According to the motto on its website and menu, SAP's Creole Cuisine, a new restaurant in a Crystal Hill Road strip center, just on the North Little Rock side of Maumelle, serves "Authentic New Orleans cuisine. New Orleans raised. Arkansas made."
The restaurant name is the initials of chef/co-owner Sylvia Pennington, a New Orleans native who, we are told, landed in this neighborhood in the wake of Hurricane Katrina.
So, yes, it certainly creates the expectation that the cuisine is authentic New Orleans.
To be sure, however, we enlisted the help of two colleagues, one who grew up in Louisiana and another who spent nearly three decades living and working in New Orleans, and headed out last week to SAP's for lunch.
Louisiana Companion and New Orleans Companion verify that the three dishes we tried were, in fact, the real thing. And reinforced that they tasted good, though they fell a little short in some other areas: All three dishes were tepid, "which was weird because we were the only people there when we ordered," Louisiana Companion notes. Two of the dishes were distinctly watery. For all three, the balance between rice and everything else was heavily in favor of the rice.
Louisiana Companion says she'd give them another try, "but I think I would do takeout because there is not much atmosphere. Or maybe 'ambience' would be a better word choice."
The ambience is certainly simple. The place is modestly painted in Mardi Gras/New Orleans colors — purple and light gold — but it doesn't slap diners in the face. Seating is at simple composite-topped tables with standard cafeteria-style chairs. The only other decoration on the walls: touristy replicas of New Orleans street signs.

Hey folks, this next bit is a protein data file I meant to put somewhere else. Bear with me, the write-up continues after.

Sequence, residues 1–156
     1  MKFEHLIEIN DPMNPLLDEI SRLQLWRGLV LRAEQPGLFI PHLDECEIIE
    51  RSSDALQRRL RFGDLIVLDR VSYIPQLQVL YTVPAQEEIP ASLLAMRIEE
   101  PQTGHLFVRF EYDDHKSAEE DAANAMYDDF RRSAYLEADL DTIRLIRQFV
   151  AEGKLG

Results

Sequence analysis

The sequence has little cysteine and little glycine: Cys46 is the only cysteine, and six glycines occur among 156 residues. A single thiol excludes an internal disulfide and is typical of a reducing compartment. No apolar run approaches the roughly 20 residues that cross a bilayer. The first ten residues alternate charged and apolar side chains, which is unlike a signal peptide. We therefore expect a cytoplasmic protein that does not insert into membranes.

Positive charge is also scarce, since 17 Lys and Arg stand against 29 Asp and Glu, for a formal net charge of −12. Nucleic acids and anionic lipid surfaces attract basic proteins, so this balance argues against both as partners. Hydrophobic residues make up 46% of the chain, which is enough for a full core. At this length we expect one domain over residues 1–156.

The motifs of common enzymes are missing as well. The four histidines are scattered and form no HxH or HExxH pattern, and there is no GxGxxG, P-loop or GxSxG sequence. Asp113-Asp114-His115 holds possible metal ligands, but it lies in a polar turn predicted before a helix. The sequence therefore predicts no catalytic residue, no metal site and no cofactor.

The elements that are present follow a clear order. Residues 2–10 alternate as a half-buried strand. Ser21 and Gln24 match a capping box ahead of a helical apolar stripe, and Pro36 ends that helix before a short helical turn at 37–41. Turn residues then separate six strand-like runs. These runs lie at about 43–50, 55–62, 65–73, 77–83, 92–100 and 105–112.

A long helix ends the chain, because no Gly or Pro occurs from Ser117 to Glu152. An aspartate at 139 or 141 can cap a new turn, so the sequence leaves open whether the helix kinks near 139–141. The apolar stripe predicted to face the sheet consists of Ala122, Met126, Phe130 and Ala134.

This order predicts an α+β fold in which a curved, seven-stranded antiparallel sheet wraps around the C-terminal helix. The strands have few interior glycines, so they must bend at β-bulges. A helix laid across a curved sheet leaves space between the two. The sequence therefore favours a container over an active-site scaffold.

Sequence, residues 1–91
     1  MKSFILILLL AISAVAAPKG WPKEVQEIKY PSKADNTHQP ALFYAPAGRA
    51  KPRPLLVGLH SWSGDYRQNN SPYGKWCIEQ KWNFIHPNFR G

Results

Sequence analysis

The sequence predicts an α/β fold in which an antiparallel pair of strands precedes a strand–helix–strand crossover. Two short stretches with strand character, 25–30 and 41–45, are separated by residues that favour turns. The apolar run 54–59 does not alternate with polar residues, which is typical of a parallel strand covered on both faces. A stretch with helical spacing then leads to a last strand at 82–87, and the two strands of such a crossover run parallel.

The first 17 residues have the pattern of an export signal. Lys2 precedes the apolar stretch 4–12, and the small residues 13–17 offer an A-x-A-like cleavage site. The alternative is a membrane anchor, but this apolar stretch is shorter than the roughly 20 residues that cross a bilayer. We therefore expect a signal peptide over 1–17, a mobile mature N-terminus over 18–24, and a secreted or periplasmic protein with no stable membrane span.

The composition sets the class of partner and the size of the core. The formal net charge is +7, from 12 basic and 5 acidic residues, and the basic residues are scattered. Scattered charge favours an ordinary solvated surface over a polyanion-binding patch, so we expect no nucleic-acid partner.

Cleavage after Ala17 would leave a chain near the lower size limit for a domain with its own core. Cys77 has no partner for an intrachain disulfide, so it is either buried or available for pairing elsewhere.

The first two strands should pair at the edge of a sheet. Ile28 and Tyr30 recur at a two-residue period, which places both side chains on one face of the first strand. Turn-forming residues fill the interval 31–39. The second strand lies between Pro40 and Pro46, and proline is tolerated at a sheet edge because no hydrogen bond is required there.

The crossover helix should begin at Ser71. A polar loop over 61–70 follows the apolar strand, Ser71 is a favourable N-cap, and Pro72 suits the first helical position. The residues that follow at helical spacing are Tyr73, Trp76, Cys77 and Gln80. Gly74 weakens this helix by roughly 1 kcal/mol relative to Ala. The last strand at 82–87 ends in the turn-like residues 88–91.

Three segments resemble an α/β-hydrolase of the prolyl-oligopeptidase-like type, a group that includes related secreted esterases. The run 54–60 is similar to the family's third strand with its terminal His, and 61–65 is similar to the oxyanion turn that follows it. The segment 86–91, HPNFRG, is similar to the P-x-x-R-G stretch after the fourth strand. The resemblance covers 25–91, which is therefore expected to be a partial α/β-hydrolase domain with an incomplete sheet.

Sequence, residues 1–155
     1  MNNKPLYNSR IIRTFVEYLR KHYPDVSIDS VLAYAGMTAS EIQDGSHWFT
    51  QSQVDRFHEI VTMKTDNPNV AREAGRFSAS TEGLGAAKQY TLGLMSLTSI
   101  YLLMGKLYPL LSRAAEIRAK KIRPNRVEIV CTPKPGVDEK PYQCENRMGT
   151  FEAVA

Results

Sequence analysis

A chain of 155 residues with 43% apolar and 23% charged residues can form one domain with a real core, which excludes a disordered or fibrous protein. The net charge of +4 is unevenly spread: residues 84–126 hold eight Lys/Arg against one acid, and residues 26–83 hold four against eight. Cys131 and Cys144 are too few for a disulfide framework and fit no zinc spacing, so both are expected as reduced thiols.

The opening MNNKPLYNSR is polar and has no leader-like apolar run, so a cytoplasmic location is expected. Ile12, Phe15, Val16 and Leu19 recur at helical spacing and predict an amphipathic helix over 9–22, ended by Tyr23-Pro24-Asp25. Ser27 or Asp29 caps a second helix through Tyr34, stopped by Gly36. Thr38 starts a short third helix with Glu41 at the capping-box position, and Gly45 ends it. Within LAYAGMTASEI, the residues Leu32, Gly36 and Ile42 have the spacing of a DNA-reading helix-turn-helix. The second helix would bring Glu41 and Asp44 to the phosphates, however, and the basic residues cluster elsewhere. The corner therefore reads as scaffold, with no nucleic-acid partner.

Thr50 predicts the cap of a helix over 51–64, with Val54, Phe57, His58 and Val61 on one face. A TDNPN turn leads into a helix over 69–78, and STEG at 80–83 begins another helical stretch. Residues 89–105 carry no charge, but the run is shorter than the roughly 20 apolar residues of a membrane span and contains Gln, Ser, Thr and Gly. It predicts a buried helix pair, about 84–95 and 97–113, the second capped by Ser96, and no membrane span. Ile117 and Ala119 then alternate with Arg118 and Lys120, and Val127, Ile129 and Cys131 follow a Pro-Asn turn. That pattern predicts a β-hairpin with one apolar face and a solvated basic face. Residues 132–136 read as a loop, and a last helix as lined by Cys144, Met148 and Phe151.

There is one distinct element about SAP's: black metal silverware (fork and spoon, but no knife), which we don't recall having encountered at any other area restaurant, table-prepped in a paper envelope.
One aspect of New Orleans authenticity, however, is definitely missing: No bread. Echoing our companions' cogent question: How can you sop with no bread?
The menu features a dozen or so "NOLA Classics," mostly named for some distinctive New Orleans-area locales (Bourbon Street, St. Charles, etc.), aspects (the "504" in the 504 shrimp and cheeseburger po' boys is the telephone area code) or characteristic phrases ("Who Dat"). The portions are huge, so if the menu prices look a little pricey, we'd say you get pretty close to what you pay for.